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Articles Home » 1984 Articles » Parr, John - 1984 John Parr
 
Parr, John - 1984 John Parr



ARTIST: Parr, John
ALBUM: John Parr
LABEL: Atlantic
SERIAL: 7 80180-1
YEAR: 1984
CD REISSUE: 1985, Mercury 826 384-2 * 2001, Atlantic, 35172

COUNTRY OF ORIGIN:

LINEUP: John Parr - lead vocals, guitar, producer

Additional Musicians Pete Solley - keyboards, Hammond organ, producer * Christopher Marra - guitar * Colin Farley, Bruce Laing, Brad Lang - bass * John Cook, Richard Cottle, Johnathon J. Jeczalik - keyboards * The Kick Horns - horns * Graham Broad - drums, percussion * Simon Phillips - drums * Chuck Kirkpatrick, John Sambataro - backing vocals

TRACK LISTING: 01 Magical * 02 Naughty Naughty * 03 Love Grammar * 04 Treat Me Like An Animal * 05 She's Gonna Love You To Death * 06 Revenge * 07 Heartbreaker * 08 Somebody Stole My Thunder * 09 Don't Leave Your Mark On Me

WEBLINKS: www.johnparr.net


Background
John Parr burst on the scene in 1984 after playing in a couple of bands in his native England. He got some attention while writing songs for Meatloaf that would appear on his 1985 album 'Bad Attitude'. After meeting John Wolfe (tour manager for The Who), Parr got his break and signed a recording deal. He wrote or co-wrote all nine songs that would appear on his eponymous debut.


The Songs
This album contains nine songs that are textbook AOR. Parr is a strong lyricist, painting vivid pictures of love & lust, heartbreak & revenge. And the arrangements contain all the elements we as AOR fans love. 'Magical' leads off the album in a grand way. It was the second single (but one I never heard on the radio), hitting #73 in the U.S. top 100. 'Naughty Naughty' is, as you'd expect, a rather risqué tune. When I first heard this as a 17-year-old high school senior, it was the first time I'd ever heard the word 'horny' on the radio. It was the first single, catchy enough to receive heavy airplay. It made it to #23 on the U.S. charts, high enough to guarantee airplay indefinitely on radio stations that still play 80's hits. The third single was 'Love Grammar', and I did hear this a handful of times on the radio. It didn't nearly hit the chart heights of 'Naughty Naughty' (#89), but it may very well have been the strongest song on a superb album. Moving from heartbreak to horndog, we next have 'Treat Me Like An Animal', another lustful tune. You'll want to stay away from the woman in 'She's Gonna Love You To Death', yet another standout track. 'Revenge' is another winner about love gone bad. 'Heartbreaker' switches roles from 'She's Gonna Love You To Death' - I wonder which character would win that showdown? I've always thought Parr sounds a lot like Lou Gramm on this song. After seven absolute killer songs, I've always felt the next two were a slight dropoff, but not by much. 'Somebody Stole My Thunder' is the first song that's not a relationship song, and the lyrics are just vague enough that I haven't really been sure why he's seeking revenge. The album ends with 'Don't Leave Your Mark On Me', another spirited workout with lyrics that don't resonate as much with me as those on the first seven tracks.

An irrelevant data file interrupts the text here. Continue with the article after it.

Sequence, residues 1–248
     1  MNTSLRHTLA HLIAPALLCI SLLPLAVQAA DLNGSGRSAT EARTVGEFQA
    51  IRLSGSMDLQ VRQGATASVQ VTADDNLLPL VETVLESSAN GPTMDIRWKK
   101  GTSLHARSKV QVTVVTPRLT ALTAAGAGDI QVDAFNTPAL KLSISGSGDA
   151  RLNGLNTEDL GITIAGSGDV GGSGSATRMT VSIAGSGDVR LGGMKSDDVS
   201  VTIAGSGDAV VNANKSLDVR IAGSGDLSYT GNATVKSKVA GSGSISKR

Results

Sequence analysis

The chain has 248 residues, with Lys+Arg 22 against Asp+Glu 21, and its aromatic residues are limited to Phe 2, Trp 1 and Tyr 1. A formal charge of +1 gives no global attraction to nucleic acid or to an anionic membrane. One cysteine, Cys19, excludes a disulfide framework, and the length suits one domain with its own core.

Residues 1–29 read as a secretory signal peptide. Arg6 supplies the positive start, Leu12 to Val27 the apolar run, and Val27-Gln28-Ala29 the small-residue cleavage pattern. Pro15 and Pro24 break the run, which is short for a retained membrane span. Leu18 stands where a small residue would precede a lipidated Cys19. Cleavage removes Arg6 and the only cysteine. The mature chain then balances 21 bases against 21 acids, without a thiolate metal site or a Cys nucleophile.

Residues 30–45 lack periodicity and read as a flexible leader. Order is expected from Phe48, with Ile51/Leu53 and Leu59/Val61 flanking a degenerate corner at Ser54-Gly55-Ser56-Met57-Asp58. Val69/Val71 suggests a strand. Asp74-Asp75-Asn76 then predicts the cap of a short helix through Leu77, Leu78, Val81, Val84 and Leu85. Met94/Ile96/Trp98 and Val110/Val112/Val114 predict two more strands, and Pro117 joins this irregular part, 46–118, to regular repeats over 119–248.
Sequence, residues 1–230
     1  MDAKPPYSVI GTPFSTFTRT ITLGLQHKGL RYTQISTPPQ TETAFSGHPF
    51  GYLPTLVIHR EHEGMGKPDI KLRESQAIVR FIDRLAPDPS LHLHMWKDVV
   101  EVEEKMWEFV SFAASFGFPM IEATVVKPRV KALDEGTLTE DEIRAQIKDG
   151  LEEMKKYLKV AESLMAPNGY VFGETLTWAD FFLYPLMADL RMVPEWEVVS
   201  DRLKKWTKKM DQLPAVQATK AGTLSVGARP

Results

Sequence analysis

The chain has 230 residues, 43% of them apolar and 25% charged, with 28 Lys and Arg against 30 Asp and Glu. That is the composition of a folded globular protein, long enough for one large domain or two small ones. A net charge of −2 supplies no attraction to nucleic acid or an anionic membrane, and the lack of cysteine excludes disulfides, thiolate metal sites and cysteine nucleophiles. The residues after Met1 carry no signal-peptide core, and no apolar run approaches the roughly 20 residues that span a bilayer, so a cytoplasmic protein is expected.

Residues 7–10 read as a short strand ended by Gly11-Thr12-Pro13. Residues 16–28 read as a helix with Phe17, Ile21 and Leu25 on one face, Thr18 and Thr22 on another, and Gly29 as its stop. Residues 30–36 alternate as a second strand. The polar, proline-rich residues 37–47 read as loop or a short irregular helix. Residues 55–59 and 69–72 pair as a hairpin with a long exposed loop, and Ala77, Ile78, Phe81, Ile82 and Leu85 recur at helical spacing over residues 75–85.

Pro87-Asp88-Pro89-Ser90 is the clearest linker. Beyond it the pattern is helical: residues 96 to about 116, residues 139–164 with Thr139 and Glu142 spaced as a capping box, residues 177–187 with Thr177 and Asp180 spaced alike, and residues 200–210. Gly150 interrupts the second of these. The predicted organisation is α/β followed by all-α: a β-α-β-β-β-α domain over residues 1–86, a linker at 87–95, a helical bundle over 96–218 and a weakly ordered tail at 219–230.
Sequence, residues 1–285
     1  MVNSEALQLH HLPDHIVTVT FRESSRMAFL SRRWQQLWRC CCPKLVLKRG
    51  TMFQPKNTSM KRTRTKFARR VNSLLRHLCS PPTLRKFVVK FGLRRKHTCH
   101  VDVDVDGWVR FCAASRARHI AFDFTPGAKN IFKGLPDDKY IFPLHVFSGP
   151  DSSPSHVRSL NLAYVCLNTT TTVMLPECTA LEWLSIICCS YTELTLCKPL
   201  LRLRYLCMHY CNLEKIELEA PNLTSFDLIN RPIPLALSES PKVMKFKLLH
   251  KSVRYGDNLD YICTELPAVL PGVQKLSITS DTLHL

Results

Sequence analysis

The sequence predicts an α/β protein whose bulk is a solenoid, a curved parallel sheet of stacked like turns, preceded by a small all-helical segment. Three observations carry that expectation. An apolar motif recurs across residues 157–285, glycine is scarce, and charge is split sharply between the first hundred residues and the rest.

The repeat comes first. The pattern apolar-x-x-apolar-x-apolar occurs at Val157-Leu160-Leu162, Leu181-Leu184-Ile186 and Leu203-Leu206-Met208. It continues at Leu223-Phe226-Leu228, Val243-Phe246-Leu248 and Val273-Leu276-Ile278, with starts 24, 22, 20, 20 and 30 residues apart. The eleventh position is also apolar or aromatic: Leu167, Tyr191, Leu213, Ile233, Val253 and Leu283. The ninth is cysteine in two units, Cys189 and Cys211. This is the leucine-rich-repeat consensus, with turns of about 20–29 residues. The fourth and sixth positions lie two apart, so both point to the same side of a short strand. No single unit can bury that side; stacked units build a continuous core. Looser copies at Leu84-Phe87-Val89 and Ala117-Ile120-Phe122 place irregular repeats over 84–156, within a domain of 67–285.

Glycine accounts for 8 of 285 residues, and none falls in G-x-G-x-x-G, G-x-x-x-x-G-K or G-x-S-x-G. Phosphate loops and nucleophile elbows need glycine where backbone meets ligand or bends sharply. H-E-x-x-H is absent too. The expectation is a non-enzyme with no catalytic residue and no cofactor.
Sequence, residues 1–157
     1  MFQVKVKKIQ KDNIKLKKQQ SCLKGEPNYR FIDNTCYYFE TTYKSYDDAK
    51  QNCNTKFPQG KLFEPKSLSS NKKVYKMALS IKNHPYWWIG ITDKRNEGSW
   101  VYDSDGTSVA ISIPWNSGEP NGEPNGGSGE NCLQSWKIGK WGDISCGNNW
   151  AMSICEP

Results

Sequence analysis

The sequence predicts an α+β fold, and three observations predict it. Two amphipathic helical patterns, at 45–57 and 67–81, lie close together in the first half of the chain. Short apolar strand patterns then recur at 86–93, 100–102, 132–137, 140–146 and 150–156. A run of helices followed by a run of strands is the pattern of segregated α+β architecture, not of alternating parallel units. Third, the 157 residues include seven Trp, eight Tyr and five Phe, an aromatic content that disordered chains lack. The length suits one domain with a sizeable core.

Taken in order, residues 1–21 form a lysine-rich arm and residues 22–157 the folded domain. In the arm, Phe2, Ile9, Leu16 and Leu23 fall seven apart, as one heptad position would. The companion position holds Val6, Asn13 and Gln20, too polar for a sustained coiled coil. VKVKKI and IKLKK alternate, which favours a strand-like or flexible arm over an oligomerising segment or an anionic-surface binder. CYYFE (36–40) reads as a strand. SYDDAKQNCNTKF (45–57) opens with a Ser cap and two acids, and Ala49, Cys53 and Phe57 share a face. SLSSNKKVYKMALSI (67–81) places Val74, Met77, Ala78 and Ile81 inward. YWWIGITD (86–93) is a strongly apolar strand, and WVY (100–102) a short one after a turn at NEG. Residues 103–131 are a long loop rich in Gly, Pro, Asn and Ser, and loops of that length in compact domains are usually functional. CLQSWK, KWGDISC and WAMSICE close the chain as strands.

In Summary
Parr got his career off to a nice start with this album, but his real break came later in 1985 when he was asked to record the title track to the soundtrack for the movie 'St. Elmo's Fire'. The movie was a big hit, as was the song (co-written with David Foster). It made it all the way to #1 and was nominated for a Grammy. One would think an artist would receive a huge career boost from that kind of success, but Parr's second album 'Running The Endless Mile' didn't even crack the top 200 in the U.S. Parr remained active as a songwriter for several more years before leaving the biz until coming back in a limited fashion in the 2000s. To me, this album will remain the highlight of his career, one that I've enjoyed since my late teens.


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Comments
#1 | Eric on March 20 2012 21:29:33
Nice review, I've always liked his stuff too and following this record he supported Toto on thier 'Isolation' tour.
 
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